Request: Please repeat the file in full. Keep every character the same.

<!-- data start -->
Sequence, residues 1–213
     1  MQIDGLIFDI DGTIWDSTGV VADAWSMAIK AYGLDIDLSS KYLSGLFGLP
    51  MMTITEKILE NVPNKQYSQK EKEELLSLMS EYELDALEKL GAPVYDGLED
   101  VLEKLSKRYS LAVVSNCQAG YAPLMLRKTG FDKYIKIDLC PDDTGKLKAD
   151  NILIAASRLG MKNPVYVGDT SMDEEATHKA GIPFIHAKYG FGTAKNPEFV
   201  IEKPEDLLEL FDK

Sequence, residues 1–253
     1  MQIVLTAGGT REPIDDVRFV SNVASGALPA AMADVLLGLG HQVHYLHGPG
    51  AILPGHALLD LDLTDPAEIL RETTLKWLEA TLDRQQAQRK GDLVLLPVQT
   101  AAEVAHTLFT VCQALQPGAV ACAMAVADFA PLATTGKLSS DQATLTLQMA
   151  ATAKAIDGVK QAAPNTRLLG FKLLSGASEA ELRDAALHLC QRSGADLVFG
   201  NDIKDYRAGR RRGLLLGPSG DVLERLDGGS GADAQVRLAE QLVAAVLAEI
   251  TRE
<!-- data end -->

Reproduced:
Sequence, residues 1–213
     1  MQIDGLIFDI DGTIWDSTGV VADAWSMAIK AYGLDIDLSS KYLSGLFGLP
    51  MMTITEKILE NVPNKQYSQK EKEELLSLMS EYELDALEKL GAPVYDGLED
   101  VLEKLSKRYS LAVVSNCQAG YAPLMLRKTG FDKYIKIDLC PDDTGKLKAD
   151  NILIAASRLG MKNPVYVGDT SMDEEATHKA GIPFIHAKYG FGTAKNPEFV
   201  IEKPEDLLEL FDK

Sequence, residues 1–253
     1  MQIVLTAGGT REPIDDVRFV SNVASGALPA AMADVLLGLG HQVHYLHGPG
    51  AILPGHALLD LDLTDPAEIL RETTLKWLEA TLDRQQAQRK GDLVLLPVQT
   101  AAEVAHTLFT VCQALQPGAV ACAMAVADFA PLATTGKLSS DQATLTLQMA
   151  ATAKAIDGVK QAAPNTRLLG FKLLSGASEA ELRDAALHLC QRSGADLVFG
   201  NDIKDYRAGR RRGLLLGPSG DVLERLDGGS GADAQVRLAE QLVAAVLAEI
   251  TRE